Pillow talk

Utah sees a spike in the number of straight men having gay sex

Is Utah seeing a spike in the number of straight-identifying men having gay sexual relations?

According to Kristin Hodson, a sex therapist who founded the Rocky Mountain Sex Summit, the answer is: YES! And it’s a beautiful, beautiful thing.

“There’s been so much historic suppression in Utah,” Hodson, who also teaches human sexuality at the University of Utah, tells the Bristol Herald Courier. “People eventually get to a point where they realize sexuality is inherently who we are–it just is.”

“Everybody needs to feel community and connection and a sense of belonging, to know they’re not alone and that there’s nothing wrong with them. People have had enough of large institutions like the church and the Legislature telling them what is and is not OK.”

Related: More and more straight men can’t get enough of this stimulating backdoor activity

She continues, “Growing up Mormon, your sexuality is defined for you, and the rules are set the moment you’re born. You’re straight–otherwise, they’ll tell you it’s just an attraction and you can overcome that.”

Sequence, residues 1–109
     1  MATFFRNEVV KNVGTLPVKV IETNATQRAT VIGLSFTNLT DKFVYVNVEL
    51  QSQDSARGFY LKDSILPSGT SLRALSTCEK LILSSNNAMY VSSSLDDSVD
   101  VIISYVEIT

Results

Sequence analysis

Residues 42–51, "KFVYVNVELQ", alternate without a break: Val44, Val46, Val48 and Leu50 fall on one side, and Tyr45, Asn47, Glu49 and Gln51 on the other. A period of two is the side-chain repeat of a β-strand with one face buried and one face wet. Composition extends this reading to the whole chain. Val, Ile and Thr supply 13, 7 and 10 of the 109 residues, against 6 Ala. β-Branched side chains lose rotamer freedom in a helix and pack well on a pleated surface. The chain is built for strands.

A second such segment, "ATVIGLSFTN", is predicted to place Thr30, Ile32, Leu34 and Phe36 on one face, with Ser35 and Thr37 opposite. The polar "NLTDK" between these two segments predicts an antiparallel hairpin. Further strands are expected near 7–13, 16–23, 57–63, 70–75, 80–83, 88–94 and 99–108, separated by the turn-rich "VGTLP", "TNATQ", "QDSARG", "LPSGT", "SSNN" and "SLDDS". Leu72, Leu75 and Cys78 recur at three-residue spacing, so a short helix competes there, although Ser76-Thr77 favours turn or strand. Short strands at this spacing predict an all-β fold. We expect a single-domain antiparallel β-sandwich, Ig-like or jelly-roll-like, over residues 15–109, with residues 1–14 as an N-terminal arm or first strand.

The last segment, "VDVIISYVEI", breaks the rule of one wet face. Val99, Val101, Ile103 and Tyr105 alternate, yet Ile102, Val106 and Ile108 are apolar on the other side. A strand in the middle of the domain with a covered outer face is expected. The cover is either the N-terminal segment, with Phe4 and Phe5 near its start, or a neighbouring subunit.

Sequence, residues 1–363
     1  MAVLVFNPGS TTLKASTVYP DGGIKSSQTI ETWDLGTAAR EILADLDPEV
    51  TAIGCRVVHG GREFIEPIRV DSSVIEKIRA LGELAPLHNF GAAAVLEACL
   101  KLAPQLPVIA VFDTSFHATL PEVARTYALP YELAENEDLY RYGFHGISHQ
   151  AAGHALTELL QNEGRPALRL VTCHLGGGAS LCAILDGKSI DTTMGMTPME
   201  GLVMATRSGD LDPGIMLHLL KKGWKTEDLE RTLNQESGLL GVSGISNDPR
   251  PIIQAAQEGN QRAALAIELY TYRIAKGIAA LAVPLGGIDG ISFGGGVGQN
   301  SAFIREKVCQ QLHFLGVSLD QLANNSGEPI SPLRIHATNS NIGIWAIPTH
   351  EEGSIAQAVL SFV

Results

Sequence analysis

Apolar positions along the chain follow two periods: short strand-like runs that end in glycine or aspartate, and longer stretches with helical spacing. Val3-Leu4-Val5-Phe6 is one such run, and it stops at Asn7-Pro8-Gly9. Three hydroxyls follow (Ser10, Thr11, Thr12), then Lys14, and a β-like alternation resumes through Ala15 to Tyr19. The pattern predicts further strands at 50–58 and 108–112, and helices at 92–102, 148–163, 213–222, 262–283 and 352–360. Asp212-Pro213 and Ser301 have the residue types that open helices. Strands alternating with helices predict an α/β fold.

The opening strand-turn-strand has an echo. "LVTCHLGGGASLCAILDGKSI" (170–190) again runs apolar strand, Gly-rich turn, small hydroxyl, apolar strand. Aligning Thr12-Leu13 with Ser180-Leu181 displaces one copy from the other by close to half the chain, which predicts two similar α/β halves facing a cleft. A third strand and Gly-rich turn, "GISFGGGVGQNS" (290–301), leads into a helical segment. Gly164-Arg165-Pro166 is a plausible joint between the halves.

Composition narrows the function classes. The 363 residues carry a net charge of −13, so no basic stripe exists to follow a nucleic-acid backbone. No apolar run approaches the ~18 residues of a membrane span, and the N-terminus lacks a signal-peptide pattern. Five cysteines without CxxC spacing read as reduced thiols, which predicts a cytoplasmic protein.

But these times they are a-changing.

Over the past year, Hodson says she’s seen a huge increase in people, many of whom have LDS backgrounds, coming to her office wanting to talk openly about sex.

“We’re seeing straight men who are wanting to have sex with other men, not because they’re gay, but because they want to have that experience,” she says.

“That moves sexuality out of the binary. Once people aren’t scared or ashamed of their sexuality, then they can engage in non-risky ways.”

Lynn Beltran, an STD and HIV epidemiology supervisor with the Salt Lake County Health Department, tells Bristol Herald Courier that people’s willingness to be more open about their sexual desires will have a positive impact on public health, in general.

“Dialogue helps them better moving forward, which is part of the effort to take away some of the shame about sex, especially in a place with such unique characteristics as Utah,” Beltran says.

The state has markedly high STD rates, which Beltran calls an “epidemic situation,” especially with syphilis and gonorrhea cases.

“There’s still a lot of struggling with attitudes about sex,” she says. “Burying our heads in the sand and ignoring it, that perpetuates this negative shaming culture.”

Related: Survey finds a surprising number of straight men have some pretty gay tendencies